might play more important roles in response to cold stress, while Calcium, MAPK cascades
and Transcription factor signaling genes were not widely transcribed in response to cold
In conclusion, the overall transcriptional expression and quantification analyses under the
cold stress temperature of 13ÊC were conducted for Litopenaeus vannamei. Top 20% of
differentially expressed genes were filtered. The most annotated and temperature-sensitive of GO
and KEGG pathways were found out. The major differentially-expressed genes in signaling
were suggested. The results showed that Ser/Thr kinase signal pathway might play more
important roles in participating the cold adaptation, while Calcium, MAPK cascades and
Transcription factors signaling genes were not widely transcribed. Our study provided the first
insight into the molecular basis and supplied an important reference for the mechanism of L.
vannamei responded to cold stress.
S1 Fig. The RNA transport pathway map from KEGG database (map03013).
S1 Table. GO classification of DEGs in each comparison.
S2 Table. KEGG pathway classification of the DEGs in each comparison.
S3 Table. Summary of DEGs of the main components of RNA transport pathway.
S4 Table. The transcription level of each unigene derived from the number of relevant
reads of the four libraries. The ªGeneLengthº column gives the length of exon sequence. "-"
represented absence of this unigene in the related group of transcript. RPKM: clean reads per
kilobase per million for each unigene in each libraries, respectively.
S5 Table. Different transcribed genes between the comparison of T_2/CT. a The
ªGeneLengthº column gives the length of exon sequence. b CT: reads per kb per million reads
(RPKM) for each unigene in transcription of Control. c T_2: reads per kb per million reads
(RPKM) for each unigene in transcription of T_2. d Log2FoldChange(T_2/CT): the ratio
between the RPKM in CT to the RPKM in T_2. The criteria applied for assigning significance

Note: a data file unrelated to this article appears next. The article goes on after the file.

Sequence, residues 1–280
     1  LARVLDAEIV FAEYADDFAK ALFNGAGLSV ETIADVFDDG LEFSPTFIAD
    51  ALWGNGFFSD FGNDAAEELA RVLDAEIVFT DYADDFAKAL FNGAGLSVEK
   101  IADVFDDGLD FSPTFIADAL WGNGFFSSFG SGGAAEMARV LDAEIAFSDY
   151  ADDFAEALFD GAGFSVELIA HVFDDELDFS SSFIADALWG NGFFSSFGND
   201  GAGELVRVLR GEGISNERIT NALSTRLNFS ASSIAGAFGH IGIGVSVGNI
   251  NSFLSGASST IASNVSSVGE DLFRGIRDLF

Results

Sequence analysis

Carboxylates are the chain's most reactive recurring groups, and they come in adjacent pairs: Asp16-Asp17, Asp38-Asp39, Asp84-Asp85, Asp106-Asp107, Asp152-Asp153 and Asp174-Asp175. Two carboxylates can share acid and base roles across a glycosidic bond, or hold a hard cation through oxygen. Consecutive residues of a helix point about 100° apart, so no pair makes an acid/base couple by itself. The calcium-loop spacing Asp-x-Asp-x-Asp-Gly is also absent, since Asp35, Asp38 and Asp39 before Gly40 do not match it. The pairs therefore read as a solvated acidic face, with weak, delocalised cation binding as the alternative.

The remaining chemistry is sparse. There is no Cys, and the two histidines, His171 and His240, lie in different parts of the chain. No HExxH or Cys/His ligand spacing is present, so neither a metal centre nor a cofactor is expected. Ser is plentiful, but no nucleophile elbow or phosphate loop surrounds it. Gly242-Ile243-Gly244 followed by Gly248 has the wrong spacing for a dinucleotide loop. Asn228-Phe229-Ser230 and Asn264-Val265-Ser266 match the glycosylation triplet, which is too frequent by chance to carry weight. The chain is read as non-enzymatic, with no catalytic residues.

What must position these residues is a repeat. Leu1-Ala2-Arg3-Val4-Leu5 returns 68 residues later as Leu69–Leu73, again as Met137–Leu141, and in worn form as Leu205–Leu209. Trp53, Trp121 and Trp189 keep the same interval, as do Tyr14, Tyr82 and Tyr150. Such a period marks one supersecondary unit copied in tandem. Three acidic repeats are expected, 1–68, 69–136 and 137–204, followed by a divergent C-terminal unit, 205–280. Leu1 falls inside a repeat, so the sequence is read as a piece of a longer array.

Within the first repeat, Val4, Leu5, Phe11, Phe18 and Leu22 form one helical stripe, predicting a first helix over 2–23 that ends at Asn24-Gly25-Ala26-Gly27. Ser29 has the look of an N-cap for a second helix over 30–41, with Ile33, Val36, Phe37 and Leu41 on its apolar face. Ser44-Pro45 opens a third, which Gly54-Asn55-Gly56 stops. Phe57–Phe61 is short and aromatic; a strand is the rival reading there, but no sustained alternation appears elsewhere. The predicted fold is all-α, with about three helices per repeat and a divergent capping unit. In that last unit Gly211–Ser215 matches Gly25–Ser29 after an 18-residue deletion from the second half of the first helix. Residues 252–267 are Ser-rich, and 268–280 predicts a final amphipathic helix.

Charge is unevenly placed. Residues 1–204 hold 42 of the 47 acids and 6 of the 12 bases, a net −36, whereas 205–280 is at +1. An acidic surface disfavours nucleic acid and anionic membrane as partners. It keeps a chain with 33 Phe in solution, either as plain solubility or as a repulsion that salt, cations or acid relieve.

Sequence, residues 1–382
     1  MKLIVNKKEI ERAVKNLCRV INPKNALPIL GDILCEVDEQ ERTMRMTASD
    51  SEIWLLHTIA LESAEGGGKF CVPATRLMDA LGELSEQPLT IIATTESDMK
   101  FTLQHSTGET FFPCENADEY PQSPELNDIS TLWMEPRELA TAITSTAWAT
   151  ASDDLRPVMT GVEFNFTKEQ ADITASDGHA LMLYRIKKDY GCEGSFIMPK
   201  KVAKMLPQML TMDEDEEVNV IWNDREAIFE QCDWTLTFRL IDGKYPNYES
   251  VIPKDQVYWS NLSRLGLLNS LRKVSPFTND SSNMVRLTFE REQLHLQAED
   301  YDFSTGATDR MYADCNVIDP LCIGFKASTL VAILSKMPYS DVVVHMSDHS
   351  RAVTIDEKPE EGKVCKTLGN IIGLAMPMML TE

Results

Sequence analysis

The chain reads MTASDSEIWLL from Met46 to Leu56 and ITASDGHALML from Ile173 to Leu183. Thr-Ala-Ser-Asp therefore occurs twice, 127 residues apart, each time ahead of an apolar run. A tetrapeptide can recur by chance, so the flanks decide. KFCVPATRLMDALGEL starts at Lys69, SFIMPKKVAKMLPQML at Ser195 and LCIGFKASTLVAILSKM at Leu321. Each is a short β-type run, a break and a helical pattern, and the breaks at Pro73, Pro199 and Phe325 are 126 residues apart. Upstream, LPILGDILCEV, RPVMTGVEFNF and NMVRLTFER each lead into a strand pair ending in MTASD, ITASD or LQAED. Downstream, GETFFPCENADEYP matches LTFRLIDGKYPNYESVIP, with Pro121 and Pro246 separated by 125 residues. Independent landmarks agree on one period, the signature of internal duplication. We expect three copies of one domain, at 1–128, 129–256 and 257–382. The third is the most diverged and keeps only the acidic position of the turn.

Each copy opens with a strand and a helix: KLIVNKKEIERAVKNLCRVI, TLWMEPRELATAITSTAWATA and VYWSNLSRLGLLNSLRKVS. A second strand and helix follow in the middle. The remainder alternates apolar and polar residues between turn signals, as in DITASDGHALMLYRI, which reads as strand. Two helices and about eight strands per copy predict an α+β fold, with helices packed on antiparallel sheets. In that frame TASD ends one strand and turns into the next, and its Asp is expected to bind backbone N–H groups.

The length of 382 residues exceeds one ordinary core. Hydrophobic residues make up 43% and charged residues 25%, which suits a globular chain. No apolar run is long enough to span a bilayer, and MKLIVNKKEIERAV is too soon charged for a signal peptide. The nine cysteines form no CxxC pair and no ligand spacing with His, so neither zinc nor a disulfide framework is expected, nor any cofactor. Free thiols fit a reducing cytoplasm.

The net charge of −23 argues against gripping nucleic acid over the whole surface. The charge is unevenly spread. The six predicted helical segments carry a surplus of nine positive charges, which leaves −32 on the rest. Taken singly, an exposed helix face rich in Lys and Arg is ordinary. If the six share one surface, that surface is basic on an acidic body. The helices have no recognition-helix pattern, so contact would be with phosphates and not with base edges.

were: Pvalue < 0.05, FDR 0.001, and estimated absolute |log2FoldChange| 1. Genes listed
in descending order of absolute |log2FoldChange|. NA: No annotation were found in the
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S6 Table. Different transcribed genes between the comparison of T_48/T_2. a The
ªGeneLengthº column gives the length of exon sequence. b T_2: reads per kb per million reads
(RPKM) for each unigene in transcription of T_2. c T_48: reads per kb per million reads
(RPKM) for each unigene in transcription of T_48. d Log2FoldChange(T_48/T_2): the ratio
between the RPKM in T_2 to the RPKM in T_48. The criteria applied for assigning
significance were: Pvalue < 0.05, FDR 0.001, and estimated absolute |log2FoldChange| 1. Genes
listed in descending order of absolute |log2FoldChange|. NA: No annotation were found in the
S7 Table. Different transcribed genes between the comparison of RC/T_48. a The
ªGeneLengthº column gives the length of exon sequence. b T_48: reads per kb per million reads
(RPKM) for each unigene in transcription of T_48. c RC: reads per kb per million reads
(RPKM) for each unigene in transcription of RC. d Log2FoldChange(RC/T_48): the ratio
between the RPKM in T_48 to the RPKM in RC. The criteria applied for assigning significance
were: Pvalue < 0.05, FDR 0.001, and estimated absolute |log2FoldChange| 1. Genes listed
in descending order of absolute |log2FoldChange|. NA: No annotation were found in the
S8 Table. Top 20% of coexisted DEGs in the three comparisons. a T_2/CT: The value of
Log2FoldChange in comparison of T_2/CT; b T_48/T_2: The value of Log2FoldChange in
comparison of T_48/T_2; c RC/T_48: The value of Log2FoldChange in comparison of RC/
S9 Table. The coexisted DEGs in GO annotation. a T_2/CT: The value of Log2FoldChange
in comparison of T_2/CT; b T_48/T_2: The value of Log2FoldChange in comparison of T_48/
T_2; c RC/T_48: The value of Log2FoldChange in comparison of RC/T_48.
S10 Table. The coexisted DEGs of KEGG annotation. a T_2/CT: The value of
Log2FoldChange in comparison of T_2/CT; b T_48/T_2: The value of Log2FoldChange in comparison
of T_48/T_2; c RC/T_48: The value of Log2FoldChange in comparison of RC/T_48.
S11 Table. The differential gene expression of Calcium signaling genes in each
S12 Table. The differential gene expression of MAPK cascades genes in each comparison.
S13 Table. The differential gene expression of Transcription factors (TFs) in each
S14 Table. The differential gene expression of Serine/threonine-protein kinase genes in
18 / 21
The authors are grateful to Lin Huang (Boya College, Sun Yat-Sen University, Guangzhou
510275, China) for helping us with English Copy-editing.
Conceptualization: WH TC CH.
Data curation: WH YW XJ PL TC.
Formal analysis: WH CR TC.
Funding acquisition: WH RC TC CH.
Investigation: WH HL DH YT.
Methodology: WH CR TC.
Project administration: CR CH.
Resources: CR CH.
Software: WH YW XJ PL TC.
Supervision: CR CH.
Validation: WH RC YW XJ PL TC.
Visualization: WH TC.
Writing ± original draft: WH.
Writing ± review & editing: RC TC CH.
19 / 21